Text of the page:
The extraordinary richness of what-it-is-to-be-human can be veiled by its normality. Wisdom is often in noticing things so ordinary that they escape notice. Such as motherhood.

We should celebrate Mother’s Day if for no other reason than it prompts us to look again at something right in front of us. By an unalterable if somewhat surprising design of nature, everyone has a mother. To say that the role of mothers is no accident but rather something chalked out by nature is, well, just the beginning. Something so universal, so specific, and so consequential can only be the fruit of intentionality. And this means there are treasures of goodness hidden within, waiting to blossom.

The reality of motherhood points right to the heart of what it is to be human—if we have eyes to see. But it’s easy to miss, both by mother and mothered. Here is no peripheral occupation for the one, nor peripheral formative agency for the other. Mothering touches and in a sense actualizes the deepest identity of a woman, and being mothered, along with being fathered, touches and in a sense actualizes the deepest identity of a son or daughter.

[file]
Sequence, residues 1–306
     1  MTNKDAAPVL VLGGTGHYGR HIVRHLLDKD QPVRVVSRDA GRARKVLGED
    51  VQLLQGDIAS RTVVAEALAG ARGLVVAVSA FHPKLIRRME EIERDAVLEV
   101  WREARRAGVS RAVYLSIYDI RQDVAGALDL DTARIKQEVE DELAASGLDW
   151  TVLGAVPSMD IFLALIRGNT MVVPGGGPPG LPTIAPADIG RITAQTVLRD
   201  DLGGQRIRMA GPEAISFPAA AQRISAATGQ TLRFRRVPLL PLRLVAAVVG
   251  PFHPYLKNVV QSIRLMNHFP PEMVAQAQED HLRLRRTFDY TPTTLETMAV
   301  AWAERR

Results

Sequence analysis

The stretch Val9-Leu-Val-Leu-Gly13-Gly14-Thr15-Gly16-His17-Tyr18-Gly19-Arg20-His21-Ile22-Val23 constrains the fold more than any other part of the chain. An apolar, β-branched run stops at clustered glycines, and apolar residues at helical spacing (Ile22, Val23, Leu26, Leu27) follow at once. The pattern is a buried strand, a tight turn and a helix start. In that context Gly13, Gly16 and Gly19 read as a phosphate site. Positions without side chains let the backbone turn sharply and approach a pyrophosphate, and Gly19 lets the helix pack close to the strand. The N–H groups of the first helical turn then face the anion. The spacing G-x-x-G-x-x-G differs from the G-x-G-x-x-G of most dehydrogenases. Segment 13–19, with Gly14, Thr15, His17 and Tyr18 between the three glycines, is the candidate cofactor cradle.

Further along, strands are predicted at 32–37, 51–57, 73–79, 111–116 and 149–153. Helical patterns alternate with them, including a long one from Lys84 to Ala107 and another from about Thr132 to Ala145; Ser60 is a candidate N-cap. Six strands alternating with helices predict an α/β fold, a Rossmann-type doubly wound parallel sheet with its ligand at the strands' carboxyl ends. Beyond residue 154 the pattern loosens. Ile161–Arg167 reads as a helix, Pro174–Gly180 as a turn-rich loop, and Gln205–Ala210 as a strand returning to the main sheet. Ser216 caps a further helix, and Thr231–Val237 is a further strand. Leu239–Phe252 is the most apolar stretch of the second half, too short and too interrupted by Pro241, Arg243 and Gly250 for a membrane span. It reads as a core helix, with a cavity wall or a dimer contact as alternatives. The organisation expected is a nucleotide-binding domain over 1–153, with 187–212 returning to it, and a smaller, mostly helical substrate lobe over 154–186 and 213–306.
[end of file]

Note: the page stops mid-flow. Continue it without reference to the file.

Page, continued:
Unfortunately, our recognition of mothers these days can feel a bit like, “Hey, thanks Mom, someone had to do it…” I wonder how different it could be if this came from a better place. More than just recognizing the untold sacrifices of mothers, we would honor them in a way that conveys a conviction about the centrality of mothering in human existence.

Human life consists especially in generating or crafting the human good, or virtuous living, in oneself and in others. Mothering names the feminine mode of crafting that noble good in other persons. It is the feminine mode of ‘generosity’ in the full richness of the term. Mothers give biological life; even more they nurture and form whole persons, thus truly giving human life.

We can thus see how mothering is not one task among others a woman does, as fathering is not one task among others a man does. Everything a mother does can be drawn up into her mothering, becoming part of it. Being this unifying and crowning feature sets mothering apart from other occupations or roles a mother might undertake. To honor a mother, then, is not simply to honor something she has done but rather the totality of who she has become—especially in and through her mothering.

Each of us according to our station will have different ways of honoring mothers—our own and others—this Mother’s Day. My thoughts go especially to husbands, who are perhaps best positioned to honor the women who bring the gift of motherhood to all of us. May we grow in wisdom better to see, gratitude better to thank, and virtue better to serve and empower their motherhood.

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